Mission Statement:
Vision Towards critically reading Self, Society and the Imagined Mission The Department of English aspires to promote an intellectual climate through artistic creation, critical mediation and innovative ideation in a culture of reciprocal transformation.
Introduction to Program:
The Master of Philosophy Programme in English Studies offered by the Department of English studies and Media Studies, Christ University aims at research skill development and knowledge production in the areas of English language, literature in English, literary criticism, critical theory, linguistics, the philosophy of language, folklore studies, cultural studies, creative writing, area studies, theatre, gender studies, violence studies, and linguistics. The programme desires to give a formal research platform for those who are interested in contributing newer questions and concerns related to English Studies.
Program Objective:
The programme aims at creating a resource pool of teachers, research scholars and work as the bridge programme for PhD.

RES131 - FOUNDATION OF RESEARCH (2019 Batch)

Total Teaching Hours for Semester:60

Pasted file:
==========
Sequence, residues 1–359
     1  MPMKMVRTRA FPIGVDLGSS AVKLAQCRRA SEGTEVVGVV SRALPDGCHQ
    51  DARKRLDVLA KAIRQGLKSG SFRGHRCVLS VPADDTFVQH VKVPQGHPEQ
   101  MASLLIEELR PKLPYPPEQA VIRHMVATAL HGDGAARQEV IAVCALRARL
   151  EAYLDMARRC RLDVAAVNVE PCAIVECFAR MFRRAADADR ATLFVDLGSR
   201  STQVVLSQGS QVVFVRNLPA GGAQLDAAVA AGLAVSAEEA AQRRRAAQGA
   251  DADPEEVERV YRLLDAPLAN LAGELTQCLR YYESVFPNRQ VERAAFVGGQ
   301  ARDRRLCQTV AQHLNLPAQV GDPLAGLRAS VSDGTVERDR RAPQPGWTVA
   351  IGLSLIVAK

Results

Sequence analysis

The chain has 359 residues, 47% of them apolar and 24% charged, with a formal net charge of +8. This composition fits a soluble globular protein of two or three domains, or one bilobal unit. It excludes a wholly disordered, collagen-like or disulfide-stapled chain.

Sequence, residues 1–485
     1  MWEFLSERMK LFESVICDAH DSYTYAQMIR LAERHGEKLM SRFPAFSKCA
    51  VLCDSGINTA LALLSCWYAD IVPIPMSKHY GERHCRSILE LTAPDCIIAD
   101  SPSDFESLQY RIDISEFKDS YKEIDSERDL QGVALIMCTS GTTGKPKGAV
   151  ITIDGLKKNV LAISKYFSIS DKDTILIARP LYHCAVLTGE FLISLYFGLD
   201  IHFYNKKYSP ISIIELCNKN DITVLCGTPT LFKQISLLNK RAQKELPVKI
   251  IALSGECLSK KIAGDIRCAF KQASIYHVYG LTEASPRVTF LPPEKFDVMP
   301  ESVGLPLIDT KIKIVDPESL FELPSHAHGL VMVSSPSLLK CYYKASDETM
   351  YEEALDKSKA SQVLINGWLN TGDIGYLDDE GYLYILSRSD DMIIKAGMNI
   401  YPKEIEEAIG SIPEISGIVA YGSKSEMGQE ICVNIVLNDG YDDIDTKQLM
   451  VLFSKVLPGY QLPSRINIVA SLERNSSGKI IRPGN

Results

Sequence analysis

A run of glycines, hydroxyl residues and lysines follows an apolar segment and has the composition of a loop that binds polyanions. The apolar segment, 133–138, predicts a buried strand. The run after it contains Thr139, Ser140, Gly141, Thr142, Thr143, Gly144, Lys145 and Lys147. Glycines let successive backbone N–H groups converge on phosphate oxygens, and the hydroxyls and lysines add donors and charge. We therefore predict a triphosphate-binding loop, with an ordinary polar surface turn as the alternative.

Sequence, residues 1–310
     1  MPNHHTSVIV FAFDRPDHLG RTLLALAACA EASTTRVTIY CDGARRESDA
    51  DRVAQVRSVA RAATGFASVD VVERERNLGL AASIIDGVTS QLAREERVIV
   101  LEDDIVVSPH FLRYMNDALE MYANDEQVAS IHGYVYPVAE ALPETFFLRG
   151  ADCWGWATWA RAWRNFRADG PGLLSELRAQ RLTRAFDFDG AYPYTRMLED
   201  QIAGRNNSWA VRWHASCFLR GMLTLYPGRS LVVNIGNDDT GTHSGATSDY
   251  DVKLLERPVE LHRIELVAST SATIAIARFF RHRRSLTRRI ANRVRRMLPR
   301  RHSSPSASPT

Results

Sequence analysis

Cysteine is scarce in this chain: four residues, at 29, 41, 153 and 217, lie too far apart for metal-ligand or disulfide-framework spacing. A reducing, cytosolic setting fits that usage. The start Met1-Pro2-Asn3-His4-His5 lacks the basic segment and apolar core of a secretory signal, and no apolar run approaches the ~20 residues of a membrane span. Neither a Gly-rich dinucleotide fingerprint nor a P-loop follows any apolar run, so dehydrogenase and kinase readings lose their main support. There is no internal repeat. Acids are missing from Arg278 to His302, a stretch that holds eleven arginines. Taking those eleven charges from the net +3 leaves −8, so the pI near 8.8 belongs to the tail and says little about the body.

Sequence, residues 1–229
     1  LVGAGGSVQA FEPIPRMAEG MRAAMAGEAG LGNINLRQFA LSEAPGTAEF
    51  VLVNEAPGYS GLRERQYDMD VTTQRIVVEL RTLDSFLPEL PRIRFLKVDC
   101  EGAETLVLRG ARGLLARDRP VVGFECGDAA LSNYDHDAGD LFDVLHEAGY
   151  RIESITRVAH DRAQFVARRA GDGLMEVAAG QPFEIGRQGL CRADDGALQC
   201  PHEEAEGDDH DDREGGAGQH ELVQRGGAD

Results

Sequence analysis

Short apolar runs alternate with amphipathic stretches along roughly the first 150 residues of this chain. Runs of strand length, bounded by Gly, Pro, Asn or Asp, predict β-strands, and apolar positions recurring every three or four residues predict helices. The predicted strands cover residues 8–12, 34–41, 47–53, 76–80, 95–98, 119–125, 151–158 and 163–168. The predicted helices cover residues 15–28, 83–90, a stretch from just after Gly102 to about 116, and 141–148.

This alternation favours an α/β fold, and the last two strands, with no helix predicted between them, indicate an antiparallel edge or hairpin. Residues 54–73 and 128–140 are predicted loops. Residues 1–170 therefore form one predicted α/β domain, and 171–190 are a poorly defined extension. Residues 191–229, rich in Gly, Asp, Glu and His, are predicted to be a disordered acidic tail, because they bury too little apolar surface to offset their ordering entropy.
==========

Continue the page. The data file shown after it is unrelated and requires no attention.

No of Lecture Hours/Week:4
Max Marks:100
Credits:4

Course Objectives/Course Description

 

Philosophical foundations of research are the scenario of higher education provided. Various approaches to research,  review of literature and application of theory are also included.

Learning Outcome

  • Reflections on the hilosophical foundations of research
  • Knowledge of the history and context of higher education
  • Knkowledge about various approaches to research
  • Review of literature
  • Application of theory

Unit-1
Teaching Hours:14
Philosophical foundations of Research
 

Ethics and values in Research, Scope of Interdisciplinary, multi-disciplinary and cross disciplinary research, Doctoral Supervision and supervisory styles, Types of Doctoral Research and implications, Pedagogy and Research: Research Informed teaching and Problem Based learning

Unit-2
Teaching Hours:16
Higher Education
 

History of Higher Education, The notion of University, Disciplines and Domain knowledge, Accreditations and Educational Policy, The Public Intellectual

Unit-3
Teaching Hours:16